Works planned to tackle £40m maintenance backlog

Reporter: Charlotte Green, Local Democracy Reporter
Date published: 07 June 2021


Council chiefs are planning works to deal with a £40 million maintenance backlog across buildings and schools in Oldham.

The priorities for 2021/22 include works to Alexandra Park’s conservatory, Diggle Clock Tower, churches in Waterhead and Werneth and cemeteries across the borough, totalling £4m.

The backlog of maintenance works across the council’s corporate estate has been delayed by the Covid-19 pandemic, with just under £5m worth of schemes slipping by a year.

The priorities across the corporate estate for the next three years to 2024 have been determined through a number of factors.

These include condition assessments and whether they are necessary either to allow buildings to continue to operate, or to mitigate legal risks or resolve health and safety issues.

The most expensive repairs highlighted for this year in the corporate estate is essential external works to Diggle Clock Tower.

Coming in at £750k, these are required to ‘stabilise’ deterioration to the building.

Phase two of electrical rewire works at Moorhey Street Depot will cost £570k.

This is followed by £300k worth of works to the conservatory in Alexandra Park to carry out essential timber and restoration repairs.

There is £200k allocated to carry out essential work to Oldham cemeteries to maintain footpaths and flood-affected areas.

The council has pledged to find ways to stop a number of cemeteries flooding after bad weather earlier in the year – including Storm Christophe – led to many graves being under water.

Ground reconciliation works to a closed graveyard at Holy Trinity Church in Waterhead will cost £200k while ‘priority demolition’ to mitigate health and safety risks at St John’s Church in Werneth will cost £100k.

The removal of asbestos ‘textured coatings’ and environmental cleansing at Alexandra Children’s Centre, Shaw and Werneth Life Long Learning Centres and Turf Lane Community Centre will also cost a total £160,000.

Refurbishment works worth £80k are also scheduled to take place at George Street and New Barn Changing Rooms to address vandalism to the buildings.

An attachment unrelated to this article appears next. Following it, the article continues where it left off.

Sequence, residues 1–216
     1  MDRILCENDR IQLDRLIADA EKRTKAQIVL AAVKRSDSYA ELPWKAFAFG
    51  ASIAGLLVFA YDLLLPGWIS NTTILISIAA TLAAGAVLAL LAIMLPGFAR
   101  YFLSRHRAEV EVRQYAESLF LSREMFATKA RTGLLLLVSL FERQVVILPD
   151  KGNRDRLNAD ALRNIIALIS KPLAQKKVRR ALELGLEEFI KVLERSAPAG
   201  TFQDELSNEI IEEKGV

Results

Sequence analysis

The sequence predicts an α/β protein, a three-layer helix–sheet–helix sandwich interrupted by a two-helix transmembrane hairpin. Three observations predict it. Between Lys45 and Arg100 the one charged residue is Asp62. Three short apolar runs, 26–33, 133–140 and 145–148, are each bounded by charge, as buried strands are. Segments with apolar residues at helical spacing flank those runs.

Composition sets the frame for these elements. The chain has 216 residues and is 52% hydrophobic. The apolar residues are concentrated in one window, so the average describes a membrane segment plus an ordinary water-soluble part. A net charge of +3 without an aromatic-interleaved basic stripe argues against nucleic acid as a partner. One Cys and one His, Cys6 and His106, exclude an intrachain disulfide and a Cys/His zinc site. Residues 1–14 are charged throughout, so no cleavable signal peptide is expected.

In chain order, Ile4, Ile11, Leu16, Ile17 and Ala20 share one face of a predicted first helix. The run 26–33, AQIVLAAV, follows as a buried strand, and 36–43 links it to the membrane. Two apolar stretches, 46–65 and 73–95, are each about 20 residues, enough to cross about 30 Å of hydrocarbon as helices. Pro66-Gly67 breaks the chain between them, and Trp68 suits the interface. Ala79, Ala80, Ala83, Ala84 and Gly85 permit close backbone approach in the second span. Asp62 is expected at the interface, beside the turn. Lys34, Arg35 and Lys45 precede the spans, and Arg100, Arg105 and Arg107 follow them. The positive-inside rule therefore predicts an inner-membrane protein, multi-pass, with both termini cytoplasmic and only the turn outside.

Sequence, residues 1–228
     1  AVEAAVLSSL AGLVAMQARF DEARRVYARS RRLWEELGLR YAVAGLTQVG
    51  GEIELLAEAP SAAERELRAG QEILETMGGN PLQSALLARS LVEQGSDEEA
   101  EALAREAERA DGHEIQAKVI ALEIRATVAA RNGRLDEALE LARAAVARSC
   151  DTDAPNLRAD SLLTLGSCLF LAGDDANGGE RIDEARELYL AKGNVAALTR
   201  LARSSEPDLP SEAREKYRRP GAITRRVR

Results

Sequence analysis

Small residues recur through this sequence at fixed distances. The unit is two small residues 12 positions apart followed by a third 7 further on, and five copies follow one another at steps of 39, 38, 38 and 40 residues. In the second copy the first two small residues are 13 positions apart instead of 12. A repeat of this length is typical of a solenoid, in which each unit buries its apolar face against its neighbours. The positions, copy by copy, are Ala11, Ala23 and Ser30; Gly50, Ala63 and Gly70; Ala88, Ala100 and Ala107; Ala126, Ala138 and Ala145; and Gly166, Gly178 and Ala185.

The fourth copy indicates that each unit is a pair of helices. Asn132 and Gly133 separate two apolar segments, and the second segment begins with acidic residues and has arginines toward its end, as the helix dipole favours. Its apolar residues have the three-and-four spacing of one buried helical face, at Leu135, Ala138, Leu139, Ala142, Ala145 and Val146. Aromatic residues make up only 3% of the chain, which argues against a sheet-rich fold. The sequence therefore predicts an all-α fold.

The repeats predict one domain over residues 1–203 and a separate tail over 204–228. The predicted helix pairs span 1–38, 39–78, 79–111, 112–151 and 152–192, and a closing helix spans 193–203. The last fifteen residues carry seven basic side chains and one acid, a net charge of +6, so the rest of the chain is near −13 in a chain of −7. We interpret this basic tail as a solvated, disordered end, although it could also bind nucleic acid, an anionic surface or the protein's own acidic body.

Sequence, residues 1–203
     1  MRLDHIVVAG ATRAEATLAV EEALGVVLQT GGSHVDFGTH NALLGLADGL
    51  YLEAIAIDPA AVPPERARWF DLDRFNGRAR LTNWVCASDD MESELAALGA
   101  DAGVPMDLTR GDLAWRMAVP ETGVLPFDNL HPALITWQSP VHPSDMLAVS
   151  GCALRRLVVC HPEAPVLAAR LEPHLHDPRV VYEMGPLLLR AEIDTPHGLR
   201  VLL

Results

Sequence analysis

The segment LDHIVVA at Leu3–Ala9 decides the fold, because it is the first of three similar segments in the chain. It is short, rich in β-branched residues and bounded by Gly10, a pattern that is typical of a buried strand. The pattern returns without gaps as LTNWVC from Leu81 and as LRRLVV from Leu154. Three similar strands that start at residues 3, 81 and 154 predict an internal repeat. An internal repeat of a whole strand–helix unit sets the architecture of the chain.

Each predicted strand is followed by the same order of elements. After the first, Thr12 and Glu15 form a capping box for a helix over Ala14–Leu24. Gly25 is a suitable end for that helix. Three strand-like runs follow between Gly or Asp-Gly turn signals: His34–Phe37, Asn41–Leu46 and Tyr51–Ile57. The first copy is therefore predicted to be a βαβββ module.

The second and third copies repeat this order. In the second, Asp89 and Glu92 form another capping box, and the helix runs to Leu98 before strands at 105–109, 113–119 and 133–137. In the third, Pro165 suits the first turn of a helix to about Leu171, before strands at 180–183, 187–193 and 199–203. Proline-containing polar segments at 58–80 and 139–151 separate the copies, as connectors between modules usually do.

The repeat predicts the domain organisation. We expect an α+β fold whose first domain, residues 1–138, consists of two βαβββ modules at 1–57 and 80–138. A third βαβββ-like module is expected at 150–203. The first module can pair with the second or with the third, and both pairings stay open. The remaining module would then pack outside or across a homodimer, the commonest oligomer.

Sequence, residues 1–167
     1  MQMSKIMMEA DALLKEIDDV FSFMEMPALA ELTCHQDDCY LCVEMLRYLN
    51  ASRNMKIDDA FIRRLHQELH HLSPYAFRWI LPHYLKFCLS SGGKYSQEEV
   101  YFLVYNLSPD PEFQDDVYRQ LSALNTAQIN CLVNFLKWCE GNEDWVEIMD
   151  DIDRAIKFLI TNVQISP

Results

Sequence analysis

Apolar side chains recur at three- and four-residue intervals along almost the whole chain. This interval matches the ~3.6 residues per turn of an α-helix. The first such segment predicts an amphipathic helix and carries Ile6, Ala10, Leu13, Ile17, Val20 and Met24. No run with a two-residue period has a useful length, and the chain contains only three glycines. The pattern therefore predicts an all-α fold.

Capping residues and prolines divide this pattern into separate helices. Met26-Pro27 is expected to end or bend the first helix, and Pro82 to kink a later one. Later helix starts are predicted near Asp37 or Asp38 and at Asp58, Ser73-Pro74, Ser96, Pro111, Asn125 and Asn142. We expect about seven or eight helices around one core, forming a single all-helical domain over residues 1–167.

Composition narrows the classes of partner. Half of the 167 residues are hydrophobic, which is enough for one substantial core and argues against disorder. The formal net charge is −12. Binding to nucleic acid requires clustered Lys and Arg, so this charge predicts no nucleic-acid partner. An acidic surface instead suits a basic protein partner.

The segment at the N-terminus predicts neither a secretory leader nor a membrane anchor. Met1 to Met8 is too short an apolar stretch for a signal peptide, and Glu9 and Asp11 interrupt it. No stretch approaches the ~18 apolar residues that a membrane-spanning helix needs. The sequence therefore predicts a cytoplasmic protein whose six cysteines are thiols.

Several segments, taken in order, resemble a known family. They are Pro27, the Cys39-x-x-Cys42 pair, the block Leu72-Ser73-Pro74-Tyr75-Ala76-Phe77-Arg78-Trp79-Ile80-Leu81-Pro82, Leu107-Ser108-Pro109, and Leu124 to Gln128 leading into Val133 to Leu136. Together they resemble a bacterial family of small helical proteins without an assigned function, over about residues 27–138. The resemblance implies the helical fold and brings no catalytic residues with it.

Priority repairs to the pool at Oldham Community Leisure centre and to the plant room equipment will cost £70k.

A number of repair schemes have also been identified for schools across the borough, which are to be funded from the schools condition allowance grant from government.

This is estimated to be around £1.5m.

However, the council will ask schools to contribute ten per cent towards repairs, subject to the school’s funding capabilities.

In 2021/22 there are £1.57m worth of works identified across ten schools in the borough.

The most expensive of these are priority heating replacement works at Hey with Zion Primary School, which cost £275k.

Roofing works at Mather Street Primary School will cost a quarter of a million pounds, as will the replacement of the heating system at the South Failsworth Junior and Infant Schools.

Removal of asbestos will also take place at a number of schools, including Kingsland Primary where getting rid of asbestos insulated pipework in the ceiling voids will cost £150k.

At Mills Hill and Whitegate End Primary Schools, removing asbestos coatings and residues from boiler room and ceilings will cost £70k.

Essential health and safety repairs worth £75k are also planned to the climbing frame and out buildings at The Castleshaw Centre for Outdoor Education.

Additional funding worth £60k is also required to support the refurbishment of modular classrooms at Diggle Primary School.

According to a council report, the maintenance works are prioritised to ‘maintain the operational use and value of the council’s corporate estate and to mitigate risks association with statutory compliance, health and safety, further consequential damage with associated additional costs and to negate potential legal claims’.


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